Jane Houghton Project Manager, Green Infrastructure Standards Project at Natural England, tells us about our latest review of research into the health benefits presented by green infrastructure.
This week we have published a review of research into the health and wellbeing benefits of ‘green infrastructure’ – that is, the great variety of green and natural spaces such as parks, woodlands, gardens, waterways and street trees.
The review found that people who live in neighbourhoods with greater amounts of green infrastructure tend to be happier, healthier and live longer lives than those who live in less green places. While it is likely that everybody benefits from green infrastructure, it suggested that more disadvantaged communities may benefit the most.
The purpose of the report is to understand more about the types and amounts of green infrastructure that are most beneficial for the health of different communities to help local authorities, landowners and communities enhance the nation’s green infrastructure provision.
The review, in collaboration with Public Health England (PHE) and other partners, is part of our development of a framework for green infrastructure standards which will help to create and support a network of new and existing green spaces throughout urban areas.
PHE’s Director of Health Improvement, Professor John Newton commented:
“This timely report raises awareness of the strength and sizeable body of evidence available showing the health and wellbeing benefits of green infrastructure, and the role it can play in reducing health inequalities.
The report is an important resource that can be used to support delivery of local green infrastructure to sustain and improve communities’ health.
The report found that:
- Having different types of green infrastructure close to people’s homes, places of work or education, or along transportation routes, is likely to maximise the potential ways in which people benefit.
- Both public green infrastructure, such as street trees, parks, and playgrounds and private ones such as gardens are important and support health in different ways.
- Green infrastructure that is well looked after is more likely to be perceived as safe and inviting, and therefore used.
- A good understanding of the needs and desires of local communities will help ensure new or improved provision of green infrastructure is suitable.
- Care must be taken to understand the potential impacts of actions and to ensure that provision of green infrastructure is equitable, fair and does not increase inequalities in health between different social groups.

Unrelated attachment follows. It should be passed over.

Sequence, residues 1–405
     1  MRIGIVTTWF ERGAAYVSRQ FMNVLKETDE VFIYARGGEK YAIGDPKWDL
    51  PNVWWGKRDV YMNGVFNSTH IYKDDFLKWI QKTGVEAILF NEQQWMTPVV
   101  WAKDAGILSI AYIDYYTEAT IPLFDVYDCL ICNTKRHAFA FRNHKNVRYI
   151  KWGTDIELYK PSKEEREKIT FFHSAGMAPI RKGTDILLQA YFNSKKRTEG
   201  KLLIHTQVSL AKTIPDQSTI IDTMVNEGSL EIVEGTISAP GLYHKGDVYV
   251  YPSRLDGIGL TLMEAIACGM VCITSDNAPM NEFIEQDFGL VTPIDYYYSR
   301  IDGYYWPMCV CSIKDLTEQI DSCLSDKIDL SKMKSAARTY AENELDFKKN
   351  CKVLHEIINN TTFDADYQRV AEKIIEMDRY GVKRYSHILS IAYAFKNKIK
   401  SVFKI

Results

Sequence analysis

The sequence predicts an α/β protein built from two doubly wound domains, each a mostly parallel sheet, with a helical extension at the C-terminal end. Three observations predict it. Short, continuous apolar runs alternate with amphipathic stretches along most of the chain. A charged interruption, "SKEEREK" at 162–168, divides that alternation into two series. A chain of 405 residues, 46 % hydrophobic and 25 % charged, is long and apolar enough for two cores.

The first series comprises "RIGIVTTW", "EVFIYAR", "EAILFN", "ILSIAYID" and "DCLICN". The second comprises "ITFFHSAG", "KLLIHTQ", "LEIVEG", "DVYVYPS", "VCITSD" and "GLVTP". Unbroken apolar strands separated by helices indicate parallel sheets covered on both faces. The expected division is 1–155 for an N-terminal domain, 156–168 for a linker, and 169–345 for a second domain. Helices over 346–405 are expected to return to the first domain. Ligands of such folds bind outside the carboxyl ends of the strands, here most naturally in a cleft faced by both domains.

The development of the National Framework of Green Infrastructure Standards, a commitment in the Government’s 25 Year Environment Plan, aims to green our towns and cities for health and wellbeing, nature, climate resilience and prosperity, in particular for disadvantaged urban populations.
We have taken on board these findings in our work to design a new Framework of Green Infrastructure Standards to advise local authorities and other stakeholders about including green infrastructure in new housing developments, and to green existing public spaces and streets where needed. These can bring benefits not only to access and recreation, but also increase wildlife, improve air quality, provide cooler areas during heatwaves and reduce the likelihood of flooding.
We are also working with the Department for Environment, Food and Rural Affairs, PHE, the Ministry of Housing, Communities and Local Government (MHCLG) and wider governmental and sector stakeholders to deliver the Framework of Green Infrastructure Standards. We are trialling the emerging Framework of Green Infrastructure Standards in 10 areas across England between September 2020 and March 2021, to seek feedback and co-develop the draft framework ready for a soft launch and further trialling in 2021.
The effect of the pandemic this year has underlined the importance of local green space to people. Our People and Nature survey found that the vast majority of adults (89 per cent) agreed or strongly agreed that green and natural spaces should be good places for mental health and wellbeing, with 30 per cent reporting visiting local green and natural spaces more than usual (Natural England, 2020). So, the evidence in this report will be of tremendous value in helping to shape and inform the work Natural England is driving forward on green social prescribing together with the National Academy for Social Prescribing, Defra, NHS, MHCLG, PHE and Sport England.
To encourage the new connection with nature that so many people have developed during this period, and sustain the benefits for their health and wellbeing, we need to create more, bigger, better and joined-up green spaces, especially near to where people live, and to address inequalities. As our Chair Tony Juniper has said: “Nature needs to move to front and centre in how we plan for the future of our country at this pivotal moment.”